Since I can't exactly cook meals a week in advance--well, I could, but I don't want to freeze them--I'm making oatmeal cookies today.  These cookies are genius, and they freeze really well.  You can whip up a batch, throw them in a freezer bag, and pull them out for that yummy cookie fix at any time.  I know she loves her mom's oatmeal cookies and I probably can't compare, but I do have a great recipe that will fit the bill!

Back before I finished getting my degree, I had to take a couple of years off to work so I could get insurance.  It's a long story, so I won't bore you with it, but I did have to take a break from college to work.  During that time I worked in our local hospital in admitting, insurance, and PBX--front desk.  I met an amazing group of friends who I had a really great time with at that point in my life.  My friend Heather is the one I credit for these cookies.  She was an amazing cook and these oatmeal cookies prove it!  My picture of the batch I whipped up today doesn't really do them justice. 

I've made a few heart-healthy adjustments and added flax meal and things like whole wheat flour and replaced 1/2 of the butter with applesauce.  I mainly just stick with adding 2 tbsp. of flax meal to the normal recipe, and it turns out great.

Heather's Oatmeal Cookies

1 c. Shortening or Butter
2 Eggs
1 c. White Sugar
1 c. Brown Sugar
1 1/2 c. Flour
2 tsp. Soda
1/2 tsp. Salt
1 tsp. Vanilla (Use really good quality, if possible.)
3 c. Oatmeal  (Not quick cooking.)
1/4 c. Walnuts or Pecans, chopped  (optional)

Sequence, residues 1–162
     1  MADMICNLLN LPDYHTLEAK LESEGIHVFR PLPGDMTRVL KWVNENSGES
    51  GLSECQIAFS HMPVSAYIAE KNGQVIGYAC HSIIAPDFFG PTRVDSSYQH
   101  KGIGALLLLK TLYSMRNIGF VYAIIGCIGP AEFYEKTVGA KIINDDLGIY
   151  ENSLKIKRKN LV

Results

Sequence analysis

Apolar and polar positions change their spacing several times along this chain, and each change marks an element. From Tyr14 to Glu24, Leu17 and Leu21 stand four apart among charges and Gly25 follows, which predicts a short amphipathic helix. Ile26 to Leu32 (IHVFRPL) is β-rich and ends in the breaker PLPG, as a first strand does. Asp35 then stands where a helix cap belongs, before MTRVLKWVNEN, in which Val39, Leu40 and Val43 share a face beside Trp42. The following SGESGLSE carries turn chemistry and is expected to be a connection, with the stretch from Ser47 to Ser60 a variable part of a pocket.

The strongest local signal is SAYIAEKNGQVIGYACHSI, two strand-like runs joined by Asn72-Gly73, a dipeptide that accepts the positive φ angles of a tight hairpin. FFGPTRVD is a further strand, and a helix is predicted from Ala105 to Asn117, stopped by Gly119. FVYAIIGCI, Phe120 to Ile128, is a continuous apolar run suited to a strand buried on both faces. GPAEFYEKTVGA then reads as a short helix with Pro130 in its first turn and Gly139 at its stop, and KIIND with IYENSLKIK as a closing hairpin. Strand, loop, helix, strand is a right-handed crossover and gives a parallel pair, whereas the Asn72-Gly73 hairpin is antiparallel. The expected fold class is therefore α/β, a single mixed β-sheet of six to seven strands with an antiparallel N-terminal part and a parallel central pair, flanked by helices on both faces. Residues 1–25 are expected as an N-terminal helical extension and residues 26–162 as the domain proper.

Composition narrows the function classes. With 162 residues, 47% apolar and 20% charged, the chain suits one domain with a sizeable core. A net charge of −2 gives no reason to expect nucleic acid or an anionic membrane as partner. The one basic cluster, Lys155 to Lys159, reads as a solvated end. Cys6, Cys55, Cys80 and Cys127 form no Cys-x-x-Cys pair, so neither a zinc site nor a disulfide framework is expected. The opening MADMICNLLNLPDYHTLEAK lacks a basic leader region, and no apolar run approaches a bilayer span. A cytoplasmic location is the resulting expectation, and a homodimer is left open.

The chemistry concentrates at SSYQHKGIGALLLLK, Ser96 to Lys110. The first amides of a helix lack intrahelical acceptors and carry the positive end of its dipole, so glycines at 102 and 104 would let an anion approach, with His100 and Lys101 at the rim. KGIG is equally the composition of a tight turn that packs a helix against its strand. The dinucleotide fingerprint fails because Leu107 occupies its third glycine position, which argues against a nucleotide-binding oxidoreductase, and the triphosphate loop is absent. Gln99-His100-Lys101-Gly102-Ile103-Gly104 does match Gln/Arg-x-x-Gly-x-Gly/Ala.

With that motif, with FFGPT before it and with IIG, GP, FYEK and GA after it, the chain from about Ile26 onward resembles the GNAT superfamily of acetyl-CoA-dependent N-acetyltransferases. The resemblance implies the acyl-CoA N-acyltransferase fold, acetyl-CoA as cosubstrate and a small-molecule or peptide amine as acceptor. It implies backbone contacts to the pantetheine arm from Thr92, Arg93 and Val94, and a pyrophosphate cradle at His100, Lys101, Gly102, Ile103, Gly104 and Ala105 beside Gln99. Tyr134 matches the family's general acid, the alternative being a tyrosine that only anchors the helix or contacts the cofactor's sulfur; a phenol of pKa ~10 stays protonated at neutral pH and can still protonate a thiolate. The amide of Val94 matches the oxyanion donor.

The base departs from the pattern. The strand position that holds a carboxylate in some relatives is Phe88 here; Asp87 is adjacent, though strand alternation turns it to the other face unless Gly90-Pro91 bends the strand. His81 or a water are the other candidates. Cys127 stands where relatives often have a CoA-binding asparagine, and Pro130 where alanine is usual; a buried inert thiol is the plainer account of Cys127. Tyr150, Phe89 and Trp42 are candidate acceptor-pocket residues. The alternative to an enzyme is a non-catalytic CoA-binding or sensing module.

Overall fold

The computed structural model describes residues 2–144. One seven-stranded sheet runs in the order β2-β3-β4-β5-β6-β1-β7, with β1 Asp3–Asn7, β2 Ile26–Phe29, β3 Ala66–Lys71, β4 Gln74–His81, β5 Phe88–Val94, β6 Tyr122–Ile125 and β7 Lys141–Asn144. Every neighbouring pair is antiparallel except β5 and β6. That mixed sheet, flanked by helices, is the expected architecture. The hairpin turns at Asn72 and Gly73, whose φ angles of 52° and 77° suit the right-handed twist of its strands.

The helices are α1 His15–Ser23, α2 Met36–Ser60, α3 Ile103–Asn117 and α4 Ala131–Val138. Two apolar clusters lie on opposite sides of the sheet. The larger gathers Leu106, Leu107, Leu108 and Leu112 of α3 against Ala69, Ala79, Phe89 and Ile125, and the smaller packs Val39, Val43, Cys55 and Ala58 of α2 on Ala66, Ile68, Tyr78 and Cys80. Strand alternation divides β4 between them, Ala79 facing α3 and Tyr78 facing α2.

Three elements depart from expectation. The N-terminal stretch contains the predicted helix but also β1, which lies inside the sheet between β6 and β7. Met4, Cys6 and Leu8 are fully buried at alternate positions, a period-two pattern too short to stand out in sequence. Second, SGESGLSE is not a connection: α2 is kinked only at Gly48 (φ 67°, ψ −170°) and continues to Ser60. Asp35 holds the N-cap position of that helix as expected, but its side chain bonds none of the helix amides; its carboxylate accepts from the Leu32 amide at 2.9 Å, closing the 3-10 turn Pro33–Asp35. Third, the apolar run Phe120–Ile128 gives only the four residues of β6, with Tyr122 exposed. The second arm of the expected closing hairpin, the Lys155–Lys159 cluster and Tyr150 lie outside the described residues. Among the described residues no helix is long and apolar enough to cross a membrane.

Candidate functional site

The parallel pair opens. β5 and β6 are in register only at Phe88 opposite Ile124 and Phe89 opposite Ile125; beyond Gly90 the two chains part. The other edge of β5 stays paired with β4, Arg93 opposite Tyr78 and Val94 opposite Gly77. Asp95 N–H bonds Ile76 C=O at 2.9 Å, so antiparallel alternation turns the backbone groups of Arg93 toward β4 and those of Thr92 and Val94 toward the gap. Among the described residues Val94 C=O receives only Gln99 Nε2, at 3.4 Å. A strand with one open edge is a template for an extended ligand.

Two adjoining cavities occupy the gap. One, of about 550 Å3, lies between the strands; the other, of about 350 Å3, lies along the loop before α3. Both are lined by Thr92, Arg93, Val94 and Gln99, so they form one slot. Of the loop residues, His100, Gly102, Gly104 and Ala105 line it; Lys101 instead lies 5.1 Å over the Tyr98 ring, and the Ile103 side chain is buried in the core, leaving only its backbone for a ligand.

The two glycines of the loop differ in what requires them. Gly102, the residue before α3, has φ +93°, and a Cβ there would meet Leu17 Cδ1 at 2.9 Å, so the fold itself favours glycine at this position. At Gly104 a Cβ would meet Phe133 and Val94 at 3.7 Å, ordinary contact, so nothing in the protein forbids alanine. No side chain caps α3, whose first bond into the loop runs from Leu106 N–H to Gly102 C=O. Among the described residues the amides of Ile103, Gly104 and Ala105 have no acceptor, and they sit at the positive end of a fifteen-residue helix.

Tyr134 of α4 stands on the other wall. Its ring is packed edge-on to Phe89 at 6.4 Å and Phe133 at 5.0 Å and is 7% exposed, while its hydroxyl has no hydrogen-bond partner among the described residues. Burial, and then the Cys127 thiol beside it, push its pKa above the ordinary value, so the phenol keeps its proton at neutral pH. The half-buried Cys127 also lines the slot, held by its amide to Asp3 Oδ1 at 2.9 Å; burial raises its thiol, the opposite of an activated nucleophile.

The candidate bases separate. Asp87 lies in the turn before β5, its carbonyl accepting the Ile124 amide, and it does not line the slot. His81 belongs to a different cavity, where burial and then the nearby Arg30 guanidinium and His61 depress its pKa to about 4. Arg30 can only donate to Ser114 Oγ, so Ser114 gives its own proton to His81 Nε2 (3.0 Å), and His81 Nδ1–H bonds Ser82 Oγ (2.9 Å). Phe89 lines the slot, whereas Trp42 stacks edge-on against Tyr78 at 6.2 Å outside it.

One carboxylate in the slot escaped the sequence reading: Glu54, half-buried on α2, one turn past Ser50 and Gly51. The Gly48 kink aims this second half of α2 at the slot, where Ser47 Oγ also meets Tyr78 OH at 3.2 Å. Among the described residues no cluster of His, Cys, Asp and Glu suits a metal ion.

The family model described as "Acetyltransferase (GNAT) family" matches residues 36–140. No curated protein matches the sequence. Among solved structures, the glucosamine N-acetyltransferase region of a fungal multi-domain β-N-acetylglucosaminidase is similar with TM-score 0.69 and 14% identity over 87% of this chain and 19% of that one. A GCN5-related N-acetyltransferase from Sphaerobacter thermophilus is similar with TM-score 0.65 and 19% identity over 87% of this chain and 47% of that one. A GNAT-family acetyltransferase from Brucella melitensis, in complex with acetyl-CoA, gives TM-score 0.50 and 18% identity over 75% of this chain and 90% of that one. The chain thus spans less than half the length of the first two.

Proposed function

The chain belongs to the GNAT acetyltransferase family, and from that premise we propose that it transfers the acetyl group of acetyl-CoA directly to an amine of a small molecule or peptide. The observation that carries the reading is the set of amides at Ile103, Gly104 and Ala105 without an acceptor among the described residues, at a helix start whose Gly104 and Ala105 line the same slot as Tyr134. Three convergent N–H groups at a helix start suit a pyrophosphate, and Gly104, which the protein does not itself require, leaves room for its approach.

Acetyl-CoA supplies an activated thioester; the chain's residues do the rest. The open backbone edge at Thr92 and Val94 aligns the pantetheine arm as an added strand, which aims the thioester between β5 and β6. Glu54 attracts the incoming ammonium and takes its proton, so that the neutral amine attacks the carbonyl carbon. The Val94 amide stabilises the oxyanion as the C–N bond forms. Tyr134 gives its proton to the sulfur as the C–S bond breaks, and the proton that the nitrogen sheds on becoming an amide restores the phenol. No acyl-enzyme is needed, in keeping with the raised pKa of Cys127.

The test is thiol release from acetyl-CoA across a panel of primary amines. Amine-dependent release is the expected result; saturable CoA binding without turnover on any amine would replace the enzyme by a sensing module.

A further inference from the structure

Cream the shortening, sugars, eggs, & vanilla together.  Add in all the dry ingredients until incorporated.  Mix in the oatmeal at the very end.  Drop by small spoonfuls onto a cookie sheet and bake at 375 degrees for 10 to 12 minutes.

Now, let's hope that Monica enjoys these cookies!  How can she not?  Well, that's my weekend cooking for now.  How's that for simple, yummy, and straight-forward?  I'm pretty sure they'll be a nice hit.

*For more weekend cooking, go to Beth Fish Reads.  You'll find all sorts of great food-related posts and recipes!  

Friday, May 18, 2012

Film Review: Albert Nobbs (2011)

Albert Nobbs is based on a short story by Irish novelist George Moore.  In the story, Albert is actually a woman who has chosen to pose as a man.  As such, Albert opens the film by working as a hotel waiter, which he has done for almost his entire life at Morrison's hotel.  With the passage of time, Albert obviously wishes for a different life, one where he can own his own business and have his own family.